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Why Some LA Food Banks Are Giving Out Thanksgiving Chickens This Year

Some food banks in Los Angeles are so tough this holiday season that they are handing out Thanksgiving chickens instead of turkeys due to an economic crisis that is expected to continue through Christmas and the start of the New Year.

Kenny Jones, director of People for Community Improvement, said he had no choice but to swap poultry at the nonprofit Willowbrook Food Bank in the face of rising inflation and a the increase in needs since the start of the COVID-19 pandemic.

“We did a chicken pass out last Thursday because we couldn’t afford the turkeys,” he said earlier this week. “We’ve seen more people come out this year, and we just need to get more donations and help. … Everything went up – food, gas, utilities, insurance.

These are common sentiments among those working to provide food and other essentials to low-income Angelenos. Some report a drop in food and fund donations. Others, like Jones, say they don’t have enough volunteers to keep running smoothly during the busy holiday season.

Saadia Jackson holds her free turkey while queuing for a bag of fixings during the 37th Turkey Giveaway by Sweet Alice Harris and her Parents of Watts organization on Saturday.

(Genaro Molina/Los Angeles Times)

They all say they’re feeling the pinch this winter. For smaller, independent food banks, this may mean handing out lighter bags or even shutting down altogether. For some organizations that have been successful in meeting much of their communities’ needs, this has meant offering less traditional food options for the holidays.

Every Tuesday afternoon, Unity Fellowship of Christ Church Los Angeles distributes food to dozens of people who line up under a sign with the words “Love is for everyone” in black block letters.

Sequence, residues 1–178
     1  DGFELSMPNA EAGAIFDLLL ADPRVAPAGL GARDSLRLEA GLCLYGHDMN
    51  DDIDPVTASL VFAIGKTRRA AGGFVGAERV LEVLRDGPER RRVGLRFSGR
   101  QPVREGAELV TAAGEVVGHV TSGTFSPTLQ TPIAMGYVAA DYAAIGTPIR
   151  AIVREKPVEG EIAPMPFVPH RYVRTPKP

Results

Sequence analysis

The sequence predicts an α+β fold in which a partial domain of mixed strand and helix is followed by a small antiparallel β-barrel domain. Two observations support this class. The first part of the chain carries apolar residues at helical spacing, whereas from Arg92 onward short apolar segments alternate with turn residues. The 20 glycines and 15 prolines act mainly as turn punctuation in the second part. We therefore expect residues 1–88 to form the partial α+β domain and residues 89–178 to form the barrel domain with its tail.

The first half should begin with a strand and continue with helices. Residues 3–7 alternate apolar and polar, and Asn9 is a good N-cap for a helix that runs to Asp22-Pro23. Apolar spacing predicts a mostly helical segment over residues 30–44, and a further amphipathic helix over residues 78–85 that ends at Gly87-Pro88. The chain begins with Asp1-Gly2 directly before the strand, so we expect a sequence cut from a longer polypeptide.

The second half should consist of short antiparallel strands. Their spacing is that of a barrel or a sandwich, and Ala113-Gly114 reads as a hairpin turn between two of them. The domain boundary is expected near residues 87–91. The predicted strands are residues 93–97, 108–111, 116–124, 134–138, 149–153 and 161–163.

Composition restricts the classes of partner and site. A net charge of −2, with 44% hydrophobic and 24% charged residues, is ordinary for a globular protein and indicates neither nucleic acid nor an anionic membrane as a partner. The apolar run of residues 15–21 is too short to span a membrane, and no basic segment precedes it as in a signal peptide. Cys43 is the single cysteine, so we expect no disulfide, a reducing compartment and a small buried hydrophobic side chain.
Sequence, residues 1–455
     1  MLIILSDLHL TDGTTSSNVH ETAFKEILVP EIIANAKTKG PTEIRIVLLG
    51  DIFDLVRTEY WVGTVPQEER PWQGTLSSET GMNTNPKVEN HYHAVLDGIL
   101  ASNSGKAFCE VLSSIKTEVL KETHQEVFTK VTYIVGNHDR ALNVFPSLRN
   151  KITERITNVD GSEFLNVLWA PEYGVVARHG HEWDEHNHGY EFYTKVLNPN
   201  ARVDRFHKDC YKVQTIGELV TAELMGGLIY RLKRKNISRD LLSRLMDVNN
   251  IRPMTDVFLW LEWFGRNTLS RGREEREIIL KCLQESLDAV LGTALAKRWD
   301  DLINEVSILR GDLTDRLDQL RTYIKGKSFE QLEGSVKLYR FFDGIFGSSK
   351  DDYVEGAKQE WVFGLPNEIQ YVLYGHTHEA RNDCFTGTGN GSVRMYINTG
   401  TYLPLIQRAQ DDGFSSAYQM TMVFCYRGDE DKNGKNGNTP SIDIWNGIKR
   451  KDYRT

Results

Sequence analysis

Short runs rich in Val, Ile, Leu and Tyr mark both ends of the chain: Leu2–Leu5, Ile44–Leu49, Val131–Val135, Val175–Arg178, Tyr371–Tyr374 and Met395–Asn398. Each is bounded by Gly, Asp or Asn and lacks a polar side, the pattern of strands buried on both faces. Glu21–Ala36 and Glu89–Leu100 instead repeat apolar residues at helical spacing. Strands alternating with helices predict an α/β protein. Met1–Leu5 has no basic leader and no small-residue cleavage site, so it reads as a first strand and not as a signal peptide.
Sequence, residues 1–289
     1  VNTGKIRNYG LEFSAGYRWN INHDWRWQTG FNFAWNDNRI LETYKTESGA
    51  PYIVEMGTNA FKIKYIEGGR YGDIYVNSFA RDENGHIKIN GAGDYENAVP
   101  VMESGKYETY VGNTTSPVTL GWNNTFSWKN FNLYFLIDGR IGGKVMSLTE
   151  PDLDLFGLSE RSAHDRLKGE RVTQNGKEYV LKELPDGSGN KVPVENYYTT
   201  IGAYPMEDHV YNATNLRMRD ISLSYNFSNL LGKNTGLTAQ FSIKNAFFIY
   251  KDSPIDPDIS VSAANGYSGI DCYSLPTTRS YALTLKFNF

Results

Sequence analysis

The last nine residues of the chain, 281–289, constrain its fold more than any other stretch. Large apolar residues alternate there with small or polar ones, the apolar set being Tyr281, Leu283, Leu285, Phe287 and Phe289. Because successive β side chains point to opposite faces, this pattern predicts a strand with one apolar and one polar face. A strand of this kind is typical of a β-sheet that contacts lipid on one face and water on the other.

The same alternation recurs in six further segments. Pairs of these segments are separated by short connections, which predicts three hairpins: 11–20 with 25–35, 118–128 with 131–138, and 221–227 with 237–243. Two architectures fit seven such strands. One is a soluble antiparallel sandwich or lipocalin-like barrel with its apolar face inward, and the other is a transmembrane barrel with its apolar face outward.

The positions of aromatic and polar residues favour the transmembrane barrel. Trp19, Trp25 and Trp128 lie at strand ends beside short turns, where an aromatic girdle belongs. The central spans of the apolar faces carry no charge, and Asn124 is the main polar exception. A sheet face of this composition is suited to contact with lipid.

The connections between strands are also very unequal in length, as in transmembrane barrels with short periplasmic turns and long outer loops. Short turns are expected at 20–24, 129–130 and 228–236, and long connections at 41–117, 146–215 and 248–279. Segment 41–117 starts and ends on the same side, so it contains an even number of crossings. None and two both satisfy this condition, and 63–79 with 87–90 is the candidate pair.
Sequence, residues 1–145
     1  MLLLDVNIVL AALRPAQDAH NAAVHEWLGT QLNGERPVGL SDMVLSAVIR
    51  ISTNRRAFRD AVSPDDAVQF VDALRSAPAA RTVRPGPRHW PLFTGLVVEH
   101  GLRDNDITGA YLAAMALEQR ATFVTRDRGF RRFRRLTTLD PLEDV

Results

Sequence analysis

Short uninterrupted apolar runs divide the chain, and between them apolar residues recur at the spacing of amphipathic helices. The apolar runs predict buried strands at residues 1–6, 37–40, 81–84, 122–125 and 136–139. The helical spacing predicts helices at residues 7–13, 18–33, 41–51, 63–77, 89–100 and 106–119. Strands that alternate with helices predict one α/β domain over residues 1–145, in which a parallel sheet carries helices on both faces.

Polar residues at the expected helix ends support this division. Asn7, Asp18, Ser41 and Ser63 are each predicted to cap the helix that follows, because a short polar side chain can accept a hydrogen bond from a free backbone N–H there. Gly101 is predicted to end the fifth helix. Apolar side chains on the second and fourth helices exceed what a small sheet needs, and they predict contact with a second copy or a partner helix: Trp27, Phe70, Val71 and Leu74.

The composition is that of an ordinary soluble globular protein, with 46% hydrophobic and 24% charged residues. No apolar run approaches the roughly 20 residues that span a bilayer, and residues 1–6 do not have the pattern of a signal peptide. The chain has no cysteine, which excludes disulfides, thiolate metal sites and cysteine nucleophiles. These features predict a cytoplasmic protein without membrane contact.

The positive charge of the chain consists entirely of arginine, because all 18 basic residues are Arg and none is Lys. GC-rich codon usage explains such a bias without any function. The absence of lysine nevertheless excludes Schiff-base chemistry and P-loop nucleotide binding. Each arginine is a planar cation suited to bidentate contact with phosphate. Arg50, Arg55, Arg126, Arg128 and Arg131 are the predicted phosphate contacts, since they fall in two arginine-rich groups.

Two days before Thanksgiving, Minister Art Miller, the church pantry coordinator, supervised a small team of volunteers who handed out pasta, stuffing, canned vegetables and fruit outside his modest storefront in West Adams.

Ahead of Thanksgiving, Miller said the food bank had hoped to distribute turkeys, as it has done every year since it opened seven years ago. But he does get food from the Los Angeles Regional Food Bank, which distributed thousands fewer turkeys to food banks this month than in previous Novembers.

Why Some LA Food Banks Are Giving Out Thanksgiving Chickens This Year

Volunteers Kirk Hill, left, and Kimberley Coleman, and minister Art Miller of Unity Fellowship of Christ Church Los Angeles, sort through inventory at the church’s food bank in Willowbrook on Tuesday.

(Gary Coronado/Los Angeles Times)

As a result, many people who rely on the bags of food they picked up at the West Adams Food Bank on Tuesday will serve chicken or fish for their Thanksgiving meals instead.

That’s great for Monique Smith, who lives nearby and says she’s been visiting the food bank for two years. On Tuesday, the 51-year-old stowed plastic grocery bags weighed down with cans and boxes in a pink-patterned wheelie bag she had dragged to the dispensing table after the line shut down.

“I’m running out of food and the day after Thanksgiving,” she said. “I don’t know what I would do without it.”

Michael Flood, general manager of the Los Angeles Regional Food Bank, said it was feeding more than 800,000 hungry Angelenos every month – up from a peak of more than 1 million a month at the start of the pandemic. The nonprofit distributes food directly to individuals and to more than 600 LA County food banks and pantries, churches, and other nonprofits.

But Flood said that for his organization it’s a “constant struggle to try to meet the global need and global demand for food”, especially given the high inflation and sustained demand in recent months. The bird flu epidemic, which contributed to the decrease in the availability of turkeys throughout the country, and food supply chain problems made it more difficult for the organization to source certain foods.